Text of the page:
Since we started this blog in 2012, our most popular post of all time has been How to Compost in Your Apartment, an infographic that breaks down how to start a vermicomposting bin. Hopefully it’s helped more than a few people launch worm bins at home and cut down on food waste going to landfills.
Since we launched that infographic, we’ve heard from a few beginners who’ve had some questions about their worm bins. So we gathered them in one place and went to an expert for help, experienced gardener and composter Jen Wendeln. Here’s how she troubleshoots a few common vermicomposting problems:
Vermicomposting is all about creating a balanced environment for your worms. Some beginners may run across the following concerns before hitting the mark.
My worm bin is too wet.
If your worm bin gets too wet it may cause the worms to drown and die. Make sure your worm bin has a dozen or more quarter-inch holes around the bottom or lower sides for proper aeration. You can also line the bottom of the bin with fabric to help catch extra moisture. Certain foods like fruits and vegetables high in moisture content can cause excess moisture. Cut down on high-moisture foods and add more dry bedding to help solve this problem.
If your bin gets too dry, on the other hand, try spritzing it with water from time to time.
My worm bin is attracting fruit flies.
Fruit that has already started rotting before being added to your worm bin can cause a fruit fly problem. Add fruit in small pieces so the worms can digest it before the fruit decomposes. Burying the fruit under the worms’ bedding or under a sheet of newspaper helps create a barrier, preventing flies. If you have an existing fruit fly problem and you’re able to take your bin outdoors, let it air out and release some of the flies.
Also, you can create a fruit fly trap with a bowl of apple cider vinegar and a drop of detergent. Set the bowl next to your bin, clean out the trap frequently, and add fresh vinegar and detergent to get rid of a fruit fly problem.
My worm bin smells.
No one wants a smelly worm bin, especially if you live in a small apartment. Most bad smells are caused by anaerobic bacteria. Good aeration is key in keeping odors down in the worm bin. Sometimes getting in and fluffing up the bedding can help keep things aerated. Too much moisture can also cause bad smells. Adding too much food before the worms are able to digest it can create a wet environment, so make sure you are feeding the worms the right ratio. Two pounds of worms can eat a pound of food a day. If you produce more scraps than your worms can digest, store extra scraps in the freezer. Also, make sure you aren’t adding meat, bones, dairy or oily products to the bin. My worms are escaping.
If your worms are trying to escape or have escaped it means they aren’t happy with their environment. It could be too wet or dry, too much light, or not enough air. So if you created your own bin, again, be sure it has sufficient holes on the bottom or sides. Gluing screens over the holes ensures that contents and worms stay in the bin. Worm bedding should be moist but not soaking. If you squeeze the bedding, a few drops of water produced is OK, but it shouldn’t produce more than five drops of water.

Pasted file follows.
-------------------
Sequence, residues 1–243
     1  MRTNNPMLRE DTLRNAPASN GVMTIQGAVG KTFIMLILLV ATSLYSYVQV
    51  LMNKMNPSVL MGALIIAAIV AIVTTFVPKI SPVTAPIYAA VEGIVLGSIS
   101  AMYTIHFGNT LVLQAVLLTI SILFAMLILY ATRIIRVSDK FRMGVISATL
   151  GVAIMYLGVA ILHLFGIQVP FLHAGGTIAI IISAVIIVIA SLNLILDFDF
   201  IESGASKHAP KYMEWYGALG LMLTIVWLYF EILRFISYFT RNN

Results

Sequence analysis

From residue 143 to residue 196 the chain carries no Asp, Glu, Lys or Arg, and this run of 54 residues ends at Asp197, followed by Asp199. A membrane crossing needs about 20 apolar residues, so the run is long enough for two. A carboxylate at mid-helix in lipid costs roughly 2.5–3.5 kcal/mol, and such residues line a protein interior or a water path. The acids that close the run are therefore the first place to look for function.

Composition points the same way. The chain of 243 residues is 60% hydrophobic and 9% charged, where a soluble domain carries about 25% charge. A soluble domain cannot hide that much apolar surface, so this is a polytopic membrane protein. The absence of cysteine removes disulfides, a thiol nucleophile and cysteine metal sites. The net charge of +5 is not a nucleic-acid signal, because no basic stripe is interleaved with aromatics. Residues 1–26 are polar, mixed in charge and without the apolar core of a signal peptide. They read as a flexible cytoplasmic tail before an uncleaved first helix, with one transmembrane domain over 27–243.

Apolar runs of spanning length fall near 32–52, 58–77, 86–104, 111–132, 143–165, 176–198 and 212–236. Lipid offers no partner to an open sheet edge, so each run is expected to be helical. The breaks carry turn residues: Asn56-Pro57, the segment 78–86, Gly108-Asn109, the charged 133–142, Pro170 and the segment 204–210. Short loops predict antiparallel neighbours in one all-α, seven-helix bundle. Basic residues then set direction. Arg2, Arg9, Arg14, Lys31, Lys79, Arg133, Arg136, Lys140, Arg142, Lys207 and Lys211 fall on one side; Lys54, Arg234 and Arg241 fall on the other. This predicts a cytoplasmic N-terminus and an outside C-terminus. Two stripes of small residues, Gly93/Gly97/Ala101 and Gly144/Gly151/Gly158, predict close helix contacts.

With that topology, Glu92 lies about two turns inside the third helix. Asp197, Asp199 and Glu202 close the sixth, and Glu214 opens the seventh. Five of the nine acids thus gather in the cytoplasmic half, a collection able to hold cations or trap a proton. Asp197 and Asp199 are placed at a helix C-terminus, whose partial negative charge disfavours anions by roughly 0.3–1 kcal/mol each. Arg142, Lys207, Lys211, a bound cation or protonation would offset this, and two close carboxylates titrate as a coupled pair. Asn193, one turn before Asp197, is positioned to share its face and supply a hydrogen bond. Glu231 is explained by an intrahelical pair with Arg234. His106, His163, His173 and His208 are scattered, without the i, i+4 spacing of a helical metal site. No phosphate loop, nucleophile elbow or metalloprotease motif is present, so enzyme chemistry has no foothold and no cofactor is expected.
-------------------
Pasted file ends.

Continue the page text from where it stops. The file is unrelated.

How do I separate my worms and my worm castings?
The time it takes to produce worm castings (aka worm poop) depends on your bin environment and number of worms, but in general the bedding should be changed and castings collected every four to six months. When it’s time to harvest your castings, move the bin’s contents to one side, add fresh bedding to the other side, and start adding food to the new bedding. Within a few weeks to a month most of the worms will have moved to the new bedding. Gather the contents from the other side and pile onto a sheet of plastic or newspaper. If there are worms left in the vermicompost they will move to the bottom of the pile to escape the sunlight. Scrape off the top layer of the pile and separate the castings from any bedding or leftover food scraps. If my worms get loose into my garden, are they invasive?
Eisenia foetida, the best worm to use for vermicomposting, is native to Europe. Eisenia foetida does not live through the winter in northern climates. So if they do escape with your worm castings they won’t live that long through colder temperatures. Presently there is little concern for this species in other areas of the country, so a few escapees won’t do any harm. If you are concerned about the worms escaping, an easy way to eliminate them from your castings is to put them in a bag and freeze them for a week.
What if I can’t use all my vermicompost when I harvest it? Can I store it for later?
Yes, you can store vermicompost for later use. If your vermicompost feels damp, spread it out on a plastic sheet or newspaper and let it dry out until it has a crumbly texture and just a little moisture left. Store it in a cool, dry location in plastic bags or plastic containers with holes poked in them to ensure good air circulation. If stored in an airtight environment, it would kill off your vermicompost’s beneficial organisms.
Good luck with your worm bin! If you try this at home and have more questions, email them to firstname.lastname@example.org.